(MCT) – Cameron Piscoya thinks many Native Americans choose not to go to college because they don’t want to leave the support and traditions of their families at home.
Piscoya, a sophomore studying environmental science, is the president of the University of Idaho’s Native American Student Association and is originally from Alaska.
“I know my parents are worried that I’m here and don’t know what’s going to happen,” he said. “I see that in a lot of Native families.”
The UI is home to only about 150 Native American students, a number that has typically stayed the same over the past several years, said Steven Martin, director of the UI Native American Student Center.
Martin, Piscoya and other NASA and NASC organizers are hoping to give those students a louder voice on campus in November during Native American Heritage Month, which began nationally in 1990 with a designation from former President George H.W. Bush.
Martin said the activities scheduled this month are meant to create a sense of community among Native students, many of whom are not typically involved in events celebrating their heritage.
He said only about 30 to 35 students patronize the NASC on a regular basis, and the rest may not participate because they don’t identify themselves as Native Americans.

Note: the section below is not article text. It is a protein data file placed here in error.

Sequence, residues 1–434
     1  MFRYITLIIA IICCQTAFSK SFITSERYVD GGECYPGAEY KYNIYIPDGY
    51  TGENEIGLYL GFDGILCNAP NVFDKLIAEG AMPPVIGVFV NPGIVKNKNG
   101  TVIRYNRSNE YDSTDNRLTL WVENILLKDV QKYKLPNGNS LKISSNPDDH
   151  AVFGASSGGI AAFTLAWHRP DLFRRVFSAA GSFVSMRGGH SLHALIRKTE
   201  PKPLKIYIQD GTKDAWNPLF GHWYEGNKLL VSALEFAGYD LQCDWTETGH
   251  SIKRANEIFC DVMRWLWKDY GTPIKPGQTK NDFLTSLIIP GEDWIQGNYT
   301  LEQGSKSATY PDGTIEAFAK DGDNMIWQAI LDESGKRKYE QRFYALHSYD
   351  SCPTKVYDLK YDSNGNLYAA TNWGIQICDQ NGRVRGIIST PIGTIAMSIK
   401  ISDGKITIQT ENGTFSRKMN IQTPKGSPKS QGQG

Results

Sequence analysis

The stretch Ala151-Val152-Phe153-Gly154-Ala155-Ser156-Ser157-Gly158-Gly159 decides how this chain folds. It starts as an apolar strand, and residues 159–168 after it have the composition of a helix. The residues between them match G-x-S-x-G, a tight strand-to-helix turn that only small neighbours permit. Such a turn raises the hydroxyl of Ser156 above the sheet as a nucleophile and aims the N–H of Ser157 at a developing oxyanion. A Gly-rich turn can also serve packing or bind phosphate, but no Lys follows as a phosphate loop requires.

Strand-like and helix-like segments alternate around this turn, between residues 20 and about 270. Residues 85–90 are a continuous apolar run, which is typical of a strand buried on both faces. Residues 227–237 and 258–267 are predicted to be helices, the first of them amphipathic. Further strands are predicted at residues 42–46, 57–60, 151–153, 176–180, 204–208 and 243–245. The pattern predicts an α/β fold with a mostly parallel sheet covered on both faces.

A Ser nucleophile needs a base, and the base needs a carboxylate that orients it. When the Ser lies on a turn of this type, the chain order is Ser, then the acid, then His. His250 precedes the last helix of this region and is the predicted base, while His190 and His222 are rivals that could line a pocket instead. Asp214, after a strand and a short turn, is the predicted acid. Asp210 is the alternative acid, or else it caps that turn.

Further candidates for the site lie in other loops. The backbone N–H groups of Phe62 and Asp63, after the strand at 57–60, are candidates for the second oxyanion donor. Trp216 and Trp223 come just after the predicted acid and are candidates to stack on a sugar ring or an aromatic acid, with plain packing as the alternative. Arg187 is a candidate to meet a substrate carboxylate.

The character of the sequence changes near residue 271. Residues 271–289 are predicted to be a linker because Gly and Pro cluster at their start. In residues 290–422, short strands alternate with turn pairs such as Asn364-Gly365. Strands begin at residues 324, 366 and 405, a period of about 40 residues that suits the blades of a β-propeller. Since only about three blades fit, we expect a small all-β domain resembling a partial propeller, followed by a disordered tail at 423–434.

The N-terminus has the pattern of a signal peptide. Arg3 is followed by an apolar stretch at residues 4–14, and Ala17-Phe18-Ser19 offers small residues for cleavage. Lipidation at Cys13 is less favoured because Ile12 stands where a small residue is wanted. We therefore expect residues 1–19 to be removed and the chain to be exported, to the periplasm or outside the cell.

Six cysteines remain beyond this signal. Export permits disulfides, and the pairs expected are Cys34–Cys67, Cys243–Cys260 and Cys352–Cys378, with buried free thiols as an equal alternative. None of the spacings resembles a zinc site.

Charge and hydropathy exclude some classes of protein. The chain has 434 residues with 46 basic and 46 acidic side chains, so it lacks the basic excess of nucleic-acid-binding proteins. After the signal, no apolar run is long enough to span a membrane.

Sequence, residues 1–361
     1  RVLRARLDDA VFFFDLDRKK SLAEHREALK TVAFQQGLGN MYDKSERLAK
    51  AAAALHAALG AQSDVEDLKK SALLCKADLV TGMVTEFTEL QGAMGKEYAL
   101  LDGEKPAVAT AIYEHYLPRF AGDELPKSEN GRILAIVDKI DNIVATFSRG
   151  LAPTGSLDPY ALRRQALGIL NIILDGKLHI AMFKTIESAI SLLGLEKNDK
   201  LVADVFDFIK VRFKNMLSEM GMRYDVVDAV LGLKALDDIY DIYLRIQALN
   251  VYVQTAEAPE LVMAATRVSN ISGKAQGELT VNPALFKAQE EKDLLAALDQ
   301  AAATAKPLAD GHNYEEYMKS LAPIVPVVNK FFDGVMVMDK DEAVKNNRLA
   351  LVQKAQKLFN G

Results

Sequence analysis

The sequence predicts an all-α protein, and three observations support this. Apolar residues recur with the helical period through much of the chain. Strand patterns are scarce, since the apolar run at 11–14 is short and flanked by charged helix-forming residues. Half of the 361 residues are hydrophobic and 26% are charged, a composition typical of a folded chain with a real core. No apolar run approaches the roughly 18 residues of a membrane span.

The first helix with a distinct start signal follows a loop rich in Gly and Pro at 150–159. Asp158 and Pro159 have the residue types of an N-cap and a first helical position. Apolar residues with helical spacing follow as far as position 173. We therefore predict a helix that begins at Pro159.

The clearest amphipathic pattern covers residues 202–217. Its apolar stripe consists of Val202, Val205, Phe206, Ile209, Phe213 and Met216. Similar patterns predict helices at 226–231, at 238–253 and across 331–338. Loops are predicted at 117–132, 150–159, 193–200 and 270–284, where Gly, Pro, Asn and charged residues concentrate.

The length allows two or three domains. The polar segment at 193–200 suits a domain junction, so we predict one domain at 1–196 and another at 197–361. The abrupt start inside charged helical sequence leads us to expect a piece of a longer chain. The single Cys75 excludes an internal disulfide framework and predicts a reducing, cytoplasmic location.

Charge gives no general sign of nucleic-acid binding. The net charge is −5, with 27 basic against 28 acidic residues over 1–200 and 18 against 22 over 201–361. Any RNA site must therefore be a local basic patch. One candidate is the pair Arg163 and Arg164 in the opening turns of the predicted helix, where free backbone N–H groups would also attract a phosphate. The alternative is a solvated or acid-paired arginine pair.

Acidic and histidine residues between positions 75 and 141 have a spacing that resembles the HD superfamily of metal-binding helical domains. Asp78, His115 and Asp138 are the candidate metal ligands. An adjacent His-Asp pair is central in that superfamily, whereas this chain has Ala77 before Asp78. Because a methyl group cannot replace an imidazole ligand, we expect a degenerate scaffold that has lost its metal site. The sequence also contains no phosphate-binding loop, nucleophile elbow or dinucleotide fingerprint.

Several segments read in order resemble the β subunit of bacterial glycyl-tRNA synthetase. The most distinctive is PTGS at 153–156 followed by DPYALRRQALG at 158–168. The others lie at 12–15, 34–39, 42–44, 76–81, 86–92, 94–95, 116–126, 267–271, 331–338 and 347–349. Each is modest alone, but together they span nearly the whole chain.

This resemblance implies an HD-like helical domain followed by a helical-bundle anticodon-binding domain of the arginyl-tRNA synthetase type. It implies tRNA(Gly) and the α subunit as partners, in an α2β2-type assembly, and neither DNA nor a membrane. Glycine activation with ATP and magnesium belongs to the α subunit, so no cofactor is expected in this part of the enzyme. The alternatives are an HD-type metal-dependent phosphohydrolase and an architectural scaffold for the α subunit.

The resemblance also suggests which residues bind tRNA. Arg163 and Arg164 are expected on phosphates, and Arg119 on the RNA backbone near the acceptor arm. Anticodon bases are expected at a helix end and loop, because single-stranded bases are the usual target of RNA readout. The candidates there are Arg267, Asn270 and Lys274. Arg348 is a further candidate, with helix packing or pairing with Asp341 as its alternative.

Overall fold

“It’s a time to educate and create understanding of who we are.”
He said there is a rich diversity of traditions among tribes that many people don’t understand, even some Native Americans.
NASC staff can help students trace their tribal lineage. Janice Jack-Ellenwood, the center’s budget and retention specialist, said many students who come to the center are those “who know they’re part Indian but don’t know where they’re from.”
Martin said it’s important for Native Americans to stress their “Nativeness” on a daily basis, but this month is a time to showcase the accomplishments of the guests presenting on campus.
“These are role models – people who have achieved success in a variety of ways,” he said.
Piscoya said events like those during Heritage Month are important in demonstrating to Native Americans that they can leave their homes and retain their culture.
He’s also part of a Native American drum circle group that has performed at various events around campus this year.
“We can do all that while still going to school and showing (our families) that we can do traditional stuff here,” he said.
Martin said UI hasn’t done enough to reach out to tribal communities, so his goal is to hit the road and recruit students in person. He said UI’s annual spring powwow is a major event for the area, but it’s not enough.
“We want to be known for more than just the powwow,” he said. “This is Nez Perce country. We deserve that spotlight.”
Piscoya wants his fellow Native American students to make an effort to participate in activities celebrating their heritage, especially in a modern world with endless distractions.
“It’s important to know it and practice what you do, because if you don’t have it – if no one’s practicing it – then later, it’ll be gone,” he said. “Future generations might want to learn, but there won’t be (anyone) to help.”
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